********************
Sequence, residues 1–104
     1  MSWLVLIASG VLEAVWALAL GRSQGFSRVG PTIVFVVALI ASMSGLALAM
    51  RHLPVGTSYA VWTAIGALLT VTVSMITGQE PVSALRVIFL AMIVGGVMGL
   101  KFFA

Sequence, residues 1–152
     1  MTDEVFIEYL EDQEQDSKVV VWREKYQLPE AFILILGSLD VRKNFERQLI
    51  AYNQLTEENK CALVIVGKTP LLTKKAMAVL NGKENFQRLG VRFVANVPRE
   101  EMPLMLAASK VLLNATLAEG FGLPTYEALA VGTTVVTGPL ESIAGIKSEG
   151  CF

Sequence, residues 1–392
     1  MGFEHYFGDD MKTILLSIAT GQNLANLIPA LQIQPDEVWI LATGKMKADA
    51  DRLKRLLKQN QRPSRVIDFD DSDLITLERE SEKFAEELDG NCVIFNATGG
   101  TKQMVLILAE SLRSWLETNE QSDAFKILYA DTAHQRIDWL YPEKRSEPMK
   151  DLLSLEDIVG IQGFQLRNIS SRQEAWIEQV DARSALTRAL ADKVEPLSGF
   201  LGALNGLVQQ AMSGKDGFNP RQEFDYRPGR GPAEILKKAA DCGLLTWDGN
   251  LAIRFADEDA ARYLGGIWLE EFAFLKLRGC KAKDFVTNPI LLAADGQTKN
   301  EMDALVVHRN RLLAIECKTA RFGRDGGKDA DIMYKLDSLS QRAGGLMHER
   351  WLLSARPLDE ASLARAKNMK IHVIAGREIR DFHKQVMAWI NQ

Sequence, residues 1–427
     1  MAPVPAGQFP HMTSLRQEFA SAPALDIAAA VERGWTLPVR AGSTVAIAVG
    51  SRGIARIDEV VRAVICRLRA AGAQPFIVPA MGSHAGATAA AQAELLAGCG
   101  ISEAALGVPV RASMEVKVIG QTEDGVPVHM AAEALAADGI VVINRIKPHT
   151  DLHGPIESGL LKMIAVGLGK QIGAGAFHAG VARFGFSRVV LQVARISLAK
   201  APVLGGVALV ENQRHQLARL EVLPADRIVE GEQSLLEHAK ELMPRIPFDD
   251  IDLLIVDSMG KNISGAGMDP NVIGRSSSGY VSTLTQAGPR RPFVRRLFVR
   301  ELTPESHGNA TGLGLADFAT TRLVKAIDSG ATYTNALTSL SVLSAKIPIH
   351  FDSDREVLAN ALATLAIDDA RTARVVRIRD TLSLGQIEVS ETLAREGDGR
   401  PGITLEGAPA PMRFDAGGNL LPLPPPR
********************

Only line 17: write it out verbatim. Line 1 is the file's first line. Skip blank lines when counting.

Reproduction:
   301  EMDALVVHRN RLLAIECKTA RFGRDGGKDA DIMYKLDSLS QRAGGLMHER